Day 21: Support The California Prisoners' Hunger Strike!
(Note: This is my fourth essay in support of the California prisoners on hunger strike. The first is here. The second is here. OPOL’s wonderful treatment of the situation is here. Yesterday’s is here The take away: California prisoners on hunger strike for 3 full weeks have requested your support in their struggle to end long term, 23 hour a day solitary confinement in California’s Special Housing Units. I urge you to support their struggle to be free from torture.)
Today is day 21 of the prison hunger strike. This may be the most significant act of prisoner resistance in 40 years, since the Attica Uprising in 1971.
Yesterday, I had a conversation in which I was asked (I’m paraphrasing) what the big deal was. Why do I care what is happening to prisoners California claims are the worst of the worst, murderers, rapists, gang members? Why do I care if they are in solitary confinement for 23 hours a day for years at a time? And why do I insist on writing these diaries over and over again, asking for readers to support the Hunger Strikers? It was a fair question. And my answer to it is that nobody would ask what’s the matter if they really understood solitary confinement. If they really understood solitary confinement they would see that it’s torture, and that civilized people do not treat other people as vermin.
There are two ways I can explain solitary confinement. The first is this powerful video from the American Friends Service Committee:
The second is the words and links and photos in an essay I wrote in January 12, 2010, Torture In Your Own Backyard. I admit I was tempted to paste the entire essay here. I won’t. That will make today’s essay entirely too long and unmanageable. Please follow the link.
All of which brings me back to the Hunger Strike. Please forgive me for repeating myself.
There is a story that when Oscar Wilde was first transported to prison, he looked out the train window and said, “Well, if that’s how the queen treats her prisoners, she doesn’t deserve to have any.” How true of California. A rightwing Supreme Court recently ruled that conditions in California’s prisons denied the prisoners freedom from cruel and inhuman punishment. Conditions were that horrible. But the Court did not focus on California’s widespread use of long term solitary confinement. Or its insane policy of holding alleged gang members in solitary confinement for six years or longer if they did not snitch and/or renounce gang membership. And it did not consider the damage to prisoners’ bodies, minds and souls from unremitting isolation from other people. No. The prisoners themselves had to bring that to our attention. And they did so in the only way they possibly could: by starving themselves. This reminds of Bobby Sands. The prisoners had no other choice. And they knew when they began that they had little chance of forcing changes in the barbaric conditions of their confinement unless you, that’s right, you get involved and stand with them and support their struggle to be free from barbaric treatment.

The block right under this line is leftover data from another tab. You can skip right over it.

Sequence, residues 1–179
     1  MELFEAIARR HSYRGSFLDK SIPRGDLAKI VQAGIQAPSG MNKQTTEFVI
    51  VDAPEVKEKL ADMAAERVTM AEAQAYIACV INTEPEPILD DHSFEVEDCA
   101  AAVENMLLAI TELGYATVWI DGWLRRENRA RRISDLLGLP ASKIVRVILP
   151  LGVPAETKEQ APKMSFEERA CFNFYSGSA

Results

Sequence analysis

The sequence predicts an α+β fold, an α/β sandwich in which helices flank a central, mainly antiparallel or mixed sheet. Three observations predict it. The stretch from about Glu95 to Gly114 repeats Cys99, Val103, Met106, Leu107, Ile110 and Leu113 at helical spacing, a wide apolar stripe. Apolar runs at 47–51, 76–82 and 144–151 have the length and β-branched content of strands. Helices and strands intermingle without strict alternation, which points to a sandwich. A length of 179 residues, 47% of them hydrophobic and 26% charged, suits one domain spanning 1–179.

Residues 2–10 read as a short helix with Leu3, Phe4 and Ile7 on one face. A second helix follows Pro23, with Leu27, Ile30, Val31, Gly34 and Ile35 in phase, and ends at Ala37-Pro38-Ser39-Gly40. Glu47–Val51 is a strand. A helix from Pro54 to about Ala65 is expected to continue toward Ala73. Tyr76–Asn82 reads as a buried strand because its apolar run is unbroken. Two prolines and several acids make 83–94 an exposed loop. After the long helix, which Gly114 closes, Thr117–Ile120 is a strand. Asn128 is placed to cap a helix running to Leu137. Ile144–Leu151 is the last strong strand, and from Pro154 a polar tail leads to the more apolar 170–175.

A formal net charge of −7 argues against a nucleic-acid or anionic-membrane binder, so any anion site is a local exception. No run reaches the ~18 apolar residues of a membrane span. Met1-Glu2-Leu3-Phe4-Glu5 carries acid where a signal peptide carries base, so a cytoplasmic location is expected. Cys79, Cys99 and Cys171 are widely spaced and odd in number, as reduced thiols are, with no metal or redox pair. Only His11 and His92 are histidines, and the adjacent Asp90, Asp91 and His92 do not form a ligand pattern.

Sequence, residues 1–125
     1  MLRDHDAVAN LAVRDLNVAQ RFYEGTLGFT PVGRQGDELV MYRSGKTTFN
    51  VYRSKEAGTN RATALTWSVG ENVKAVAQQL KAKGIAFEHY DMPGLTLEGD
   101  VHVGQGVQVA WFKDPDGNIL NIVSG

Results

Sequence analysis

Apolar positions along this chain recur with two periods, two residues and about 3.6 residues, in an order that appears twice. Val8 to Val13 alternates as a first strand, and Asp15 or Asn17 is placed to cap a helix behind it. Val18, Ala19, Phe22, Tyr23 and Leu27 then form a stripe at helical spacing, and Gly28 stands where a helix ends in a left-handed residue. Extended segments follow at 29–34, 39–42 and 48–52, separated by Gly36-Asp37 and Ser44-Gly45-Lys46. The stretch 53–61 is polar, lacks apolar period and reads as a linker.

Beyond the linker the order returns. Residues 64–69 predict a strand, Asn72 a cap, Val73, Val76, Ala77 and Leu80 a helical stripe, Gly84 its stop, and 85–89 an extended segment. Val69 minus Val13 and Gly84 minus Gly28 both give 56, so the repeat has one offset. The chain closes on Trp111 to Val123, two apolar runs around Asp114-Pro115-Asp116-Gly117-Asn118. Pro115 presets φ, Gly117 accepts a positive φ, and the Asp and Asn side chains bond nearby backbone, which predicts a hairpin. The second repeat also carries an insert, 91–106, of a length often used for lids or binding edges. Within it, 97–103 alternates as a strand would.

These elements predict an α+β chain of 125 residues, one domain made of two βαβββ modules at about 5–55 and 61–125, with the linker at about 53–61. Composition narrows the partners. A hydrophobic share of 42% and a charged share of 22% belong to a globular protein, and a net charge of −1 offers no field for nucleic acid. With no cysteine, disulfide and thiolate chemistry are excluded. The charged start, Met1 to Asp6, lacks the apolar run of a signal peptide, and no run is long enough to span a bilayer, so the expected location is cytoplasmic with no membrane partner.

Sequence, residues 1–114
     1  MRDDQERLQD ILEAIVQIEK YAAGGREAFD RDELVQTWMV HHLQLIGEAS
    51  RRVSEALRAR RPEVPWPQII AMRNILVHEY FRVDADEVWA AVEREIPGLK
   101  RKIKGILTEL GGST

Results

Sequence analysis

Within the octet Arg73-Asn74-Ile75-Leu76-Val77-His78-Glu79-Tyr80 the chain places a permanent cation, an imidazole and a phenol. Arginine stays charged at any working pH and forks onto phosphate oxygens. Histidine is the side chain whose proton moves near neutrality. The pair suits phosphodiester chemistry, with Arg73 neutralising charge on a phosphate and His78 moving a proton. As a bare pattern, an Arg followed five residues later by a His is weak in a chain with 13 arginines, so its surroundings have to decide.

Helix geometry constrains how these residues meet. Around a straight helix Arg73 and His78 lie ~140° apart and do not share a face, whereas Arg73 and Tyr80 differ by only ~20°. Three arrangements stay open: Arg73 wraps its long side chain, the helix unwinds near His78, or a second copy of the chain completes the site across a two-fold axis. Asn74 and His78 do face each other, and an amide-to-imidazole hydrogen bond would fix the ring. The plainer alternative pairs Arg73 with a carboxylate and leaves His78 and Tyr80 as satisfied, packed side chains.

In recognition of this, prisoners at Corcoran have specifically requested your assistance:
“Our indefinite isolation here is both inhumane and illegal and the proponents of the prison industrial complex are hoping that their campaign to dehumanize us has succeeded to the degree that you don’t care and will allow the torture to continue in your name. It is our belief that they have woefully underestimated the decency, principles and humanity of the people. Join us in opposing this injustice without end. Thank you for your time and support”
This is not about whether prisoners should be released. It is not about whether prisoners should remain in confinement. It is not about frivolous demands for country club treatment. This is not a general debate about correctional policy. This is about stopping the torture of brutal, long term, unremitting solitary confinement. We could understand that when we opposed it in Gitmo. We could understand that when we opposed it in “Black Sites” and Bagram. We could understand it when we opposed it for Bradley Manning. The task now is to recognize that these prisoners, too, deserve to be free from the torture of long term solitary confinement. And to take whatever steps we can to oppose it in California, just as we would anywhere else in the world.
The core demands of the prisoners are here with a petition in support of the strikers. I urge you to read the demands, all of which are designed solely to protect prisoners’ from being harmed by abusive solitary confinement, and to sign the petition.
Please call and/or write the Governor and the Commissioner to support the striking prisoners:
Secretary Matthew Cate, Department of Corrections and Rehabilitation, 1515 S Street, Sacramento, CA 95814, Telephone: (916) 323-6001
Governor Jerry Brown, State Capitol, Suite 1173, Sacramento, CA 95814, Telephone: (916) 445-2841
Please speak up for the striking prisoners. Put their struggle on your blog. Put their struggle on facebook. Tweet it. Tell others about the strike. You, if you are reading this, understand the magic of the Internet and its ability to spread important information far and wide. The striking prisoners need you to do that for them. They need you to open your eyes and hearts and mouths and stand against domestic torture. They need your compassion. But they most need your voices.
Only your support can bring their struggle to a safe and humane solution.